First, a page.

With a team of California State University, Northridge students specializing in a variety of disciplines, Nathan Boyd and Holland Mills, who both received their bachelor’s degree in mechanical engineering on May 17, have led the effort to create an insect-inspired robot that can aid first responders in navigating dangerous topography and collapsed structures, reducing the risk to rescue personnel.
A multi-legged walking robot, ARDENT (Arthropod Robot for Dynamic Environments and Terrains) is designed to assist search-and-rescue teams in precarious terrain — like many of the areas around Northridge in 1994 after the earthquake that devastated the campus and much of the Los Angeles area. Its main purpose, Mills said, is to protect first responders and minimize the loss of human life in the process of saving others.
“If the robot gets destroyed, that’ll be pretty bad,” Mills said. “But at least we didn’t lose a human life.”
ARDENT’s four-legged design was inspired by the anatomy of an insect and boasts impressive mobility around debris and other “unstructured” terrain. It has a span of 52 inches but can compress to 12 inches, allowing the robot to squeeze into areas human rescuers cannot.
“Its normal gait is with its knees outward, to its sides. But when it needs to squeeze through something smaller, it’s capable of bringing its legs completely forward because we designed it to do so,” Mills said.
ARDENT can be controlled remotely, allowing rescue teams to scout one area while it searches another. Its simultaneous localization and mapping (SLAM) technology then uses sensors to generate a 3-D map of the space — which can later be translated into a 2-D map. These maps can help inform rescue teams which areas are safe for entry. The student team behind the project tested this technology on campus by generating a 3-D map of Jacaranda Hall, where most of the project research and robot construction took place.
The sensing technology used by the robot to generate the maps is something akin to programs used by self-driving cars.
“We [used] camera vision,” Boyd said. “We had a pair of cameras that would see an environment, and a couple of algorithms that would recognize contrast and some landmarks. From there, we derive a whole bunch of data in order to build the map around us and keep track of how the robot’s moving in space.”
ARDENT uses RGB-D (red, green, blue and depth) cameras that record video at 30 frames per second, to accomplish real-time mapping, Boyd said.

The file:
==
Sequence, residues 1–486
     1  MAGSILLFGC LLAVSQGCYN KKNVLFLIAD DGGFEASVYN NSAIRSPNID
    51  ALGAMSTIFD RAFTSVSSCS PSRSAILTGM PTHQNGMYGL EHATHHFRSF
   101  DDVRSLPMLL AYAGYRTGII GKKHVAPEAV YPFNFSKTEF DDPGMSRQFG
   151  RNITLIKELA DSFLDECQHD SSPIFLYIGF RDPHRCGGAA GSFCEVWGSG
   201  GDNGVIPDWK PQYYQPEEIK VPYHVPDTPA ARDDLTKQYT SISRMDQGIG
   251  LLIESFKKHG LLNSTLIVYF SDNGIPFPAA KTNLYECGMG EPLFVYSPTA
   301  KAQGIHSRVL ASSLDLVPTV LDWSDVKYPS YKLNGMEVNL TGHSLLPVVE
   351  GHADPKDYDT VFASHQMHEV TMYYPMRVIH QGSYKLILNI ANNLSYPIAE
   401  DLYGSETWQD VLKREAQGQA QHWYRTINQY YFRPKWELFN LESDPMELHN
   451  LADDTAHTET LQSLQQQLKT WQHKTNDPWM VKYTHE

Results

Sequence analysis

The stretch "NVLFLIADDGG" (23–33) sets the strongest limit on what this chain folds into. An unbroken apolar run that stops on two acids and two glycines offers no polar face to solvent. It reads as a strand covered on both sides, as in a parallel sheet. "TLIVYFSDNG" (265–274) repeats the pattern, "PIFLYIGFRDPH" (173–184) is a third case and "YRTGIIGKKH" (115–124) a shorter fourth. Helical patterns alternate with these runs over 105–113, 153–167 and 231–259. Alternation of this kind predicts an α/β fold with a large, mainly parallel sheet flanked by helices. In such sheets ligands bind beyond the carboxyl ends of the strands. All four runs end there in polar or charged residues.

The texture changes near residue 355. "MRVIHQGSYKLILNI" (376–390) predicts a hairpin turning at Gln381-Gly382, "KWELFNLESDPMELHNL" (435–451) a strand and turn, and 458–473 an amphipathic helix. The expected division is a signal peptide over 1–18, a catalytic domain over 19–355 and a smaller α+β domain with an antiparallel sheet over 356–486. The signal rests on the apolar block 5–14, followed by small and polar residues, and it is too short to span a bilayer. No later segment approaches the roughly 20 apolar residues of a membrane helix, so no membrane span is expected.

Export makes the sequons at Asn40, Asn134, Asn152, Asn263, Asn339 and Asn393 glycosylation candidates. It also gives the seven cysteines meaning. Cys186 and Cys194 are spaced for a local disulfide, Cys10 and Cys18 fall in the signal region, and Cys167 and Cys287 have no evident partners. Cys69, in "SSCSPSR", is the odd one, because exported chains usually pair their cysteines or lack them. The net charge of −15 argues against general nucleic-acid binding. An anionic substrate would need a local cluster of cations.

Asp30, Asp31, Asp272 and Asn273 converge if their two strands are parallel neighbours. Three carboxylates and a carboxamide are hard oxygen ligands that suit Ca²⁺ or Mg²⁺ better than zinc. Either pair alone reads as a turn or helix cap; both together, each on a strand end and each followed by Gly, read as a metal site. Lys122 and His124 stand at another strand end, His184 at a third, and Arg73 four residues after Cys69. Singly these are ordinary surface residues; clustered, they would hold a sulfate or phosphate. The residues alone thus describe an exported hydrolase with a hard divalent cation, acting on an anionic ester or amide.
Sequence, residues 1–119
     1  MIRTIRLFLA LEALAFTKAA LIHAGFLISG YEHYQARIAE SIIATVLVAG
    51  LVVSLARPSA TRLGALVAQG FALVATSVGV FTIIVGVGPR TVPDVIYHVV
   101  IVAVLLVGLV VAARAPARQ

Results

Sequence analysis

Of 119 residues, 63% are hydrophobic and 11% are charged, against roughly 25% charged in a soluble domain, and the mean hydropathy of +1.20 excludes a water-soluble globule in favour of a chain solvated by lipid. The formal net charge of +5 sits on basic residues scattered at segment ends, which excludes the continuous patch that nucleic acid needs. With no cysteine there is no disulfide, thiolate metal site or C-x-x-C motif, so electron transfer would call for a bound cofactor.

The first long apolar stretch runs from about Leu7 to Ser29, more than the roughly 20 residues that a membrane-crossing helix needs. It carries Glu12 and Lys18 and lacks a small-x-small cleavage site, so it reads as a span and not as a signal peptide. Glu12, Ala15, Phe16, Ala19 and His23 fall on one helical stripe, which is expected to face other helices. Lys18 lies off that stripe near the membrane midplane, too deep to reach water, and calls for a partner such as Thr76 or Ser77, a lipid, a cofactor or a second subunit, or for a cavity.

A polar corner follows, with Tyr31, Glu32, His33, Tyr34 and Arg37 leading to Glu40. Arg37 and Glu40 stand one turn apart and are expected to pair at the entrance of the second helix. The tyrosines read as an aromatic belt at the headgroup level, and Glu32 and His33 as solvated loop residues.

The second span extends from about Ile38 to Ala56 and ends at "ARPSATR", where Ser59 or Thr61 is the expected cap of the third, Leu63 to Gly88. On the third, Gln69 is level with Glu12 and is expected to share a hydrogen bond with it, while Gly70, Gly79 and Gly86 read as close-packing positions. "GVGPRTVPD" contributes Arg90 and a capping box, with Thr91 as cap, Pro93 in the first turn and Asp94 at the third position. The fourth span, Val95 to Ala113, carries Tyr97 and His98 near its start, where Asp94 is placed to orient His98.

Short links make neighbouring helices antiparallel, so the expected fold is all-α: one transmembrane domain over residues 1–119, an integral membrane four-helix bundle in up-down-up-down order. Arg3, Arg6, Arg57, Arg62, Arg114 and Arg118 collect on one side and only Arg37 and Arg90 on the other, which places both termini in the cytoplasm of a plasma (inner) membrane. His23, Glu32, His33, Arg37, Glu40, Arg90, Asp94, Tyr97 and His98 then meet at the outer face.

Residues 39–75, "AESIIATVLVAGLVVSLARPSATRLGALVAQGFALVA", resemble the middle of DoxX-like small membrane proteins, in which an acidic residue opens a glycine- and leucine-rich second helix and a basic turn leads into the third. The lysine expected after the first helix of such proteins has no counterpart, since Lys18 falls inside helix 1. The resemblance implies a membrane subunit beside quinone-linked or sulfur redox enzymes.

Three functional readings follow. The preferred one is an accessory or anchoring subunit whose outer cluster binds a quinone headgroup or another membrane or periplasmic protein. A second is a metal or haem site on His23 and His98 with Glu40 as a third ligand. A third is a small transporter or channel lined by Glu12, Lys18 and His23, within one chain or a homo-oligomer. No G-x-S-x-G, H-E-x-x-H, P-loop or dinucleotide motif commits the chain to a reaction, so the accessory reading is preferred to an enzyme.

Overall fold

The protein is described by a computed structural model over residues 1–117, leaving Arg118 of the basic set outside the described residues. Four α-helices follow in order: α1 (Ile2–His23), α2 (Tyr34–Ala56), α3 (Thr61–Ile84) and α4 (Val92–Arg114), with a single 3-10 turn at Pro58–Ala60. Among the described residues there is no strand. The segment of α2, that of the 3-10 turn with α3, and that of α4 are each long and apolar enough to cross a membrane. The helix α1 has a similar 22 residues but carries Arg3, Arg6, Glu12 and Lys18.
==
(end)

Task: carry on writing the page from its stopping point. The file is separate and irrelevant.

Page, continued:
The concept of a multi-legged search-and-rescue robot began as a response to the 2015 U.S. Defense Advanced Research Projects Agency’s Robotics Challenge, where major institutions and renowned robotics teams, including Massachusetts Institute of Technology Robotics and Japanese robotics team SCHAFT, competed to construct robots that complete tasks in hazardous conditions and environments. The competition inspired Boyd and Mills, who have been working together for three years, to come up with their own design and develop it as their senior capstone project at CSUN.
The project also created new opportunities within CSUN’s mechanical engineering program to cross-integrate different disciplines. ARDENT’s team was composed of 18 CSUN students and five volunteers specializing in mechanical engineering, computer science, computer and electrical engineering, and manufacturing systems engineering and management.
The project began in summer 2018. That fall, students started work on the robot’s construction, under the guidance of their mentor, professor Amiel Hartman. Over the spring 2019 semester, Boyd and Mills also exhibited their work in the 23rd Annual CSUNposium and the 2019 Senior Design Project Showcase on campus.
Looking beyond the completion of their senior project, Boyd and Mills are pitching ARDENT as an ongoing project in CSUN’s Department of Mechanical Engineering. The senior design projects in CSUN’s College of Engineering and Computer Science, such as a Formula Society of Automotive Engineering (SAE) race car and a human-powered vehicle, are tackled by new teams each academic year, as students reimagine and hone their engineering concepts for national competitions.
ARDENT is in its engineering prototype stage, where the team has successfully created a working model that can be tested, replicated and modified. Boyd and Mills noted that they hope future CSUN students will carry the project forward.
“One of the big things that we were trying to get done this year was build that precedent, build the knowledge base, set up something where the adviser understands the research — and where the students are able to follow it and actually execute on it,” Boyd said.
Fortunately for next year’s ARDENT team, Boyd himself will return to CSUN post-graduation next year to guide them as their adviser.
Boyd and Mills plan to continue their research in graduate school, wherever they decide to attend, and they said they hope their innovations will spread to systems beyond ARDENT.
“There is a bit of a stumbling block or hesitation when it comes to diving into something like developing a robot — you don’t know where to begin,” Mills said. “With this project, we can show that it is accessible, and it is achievable.”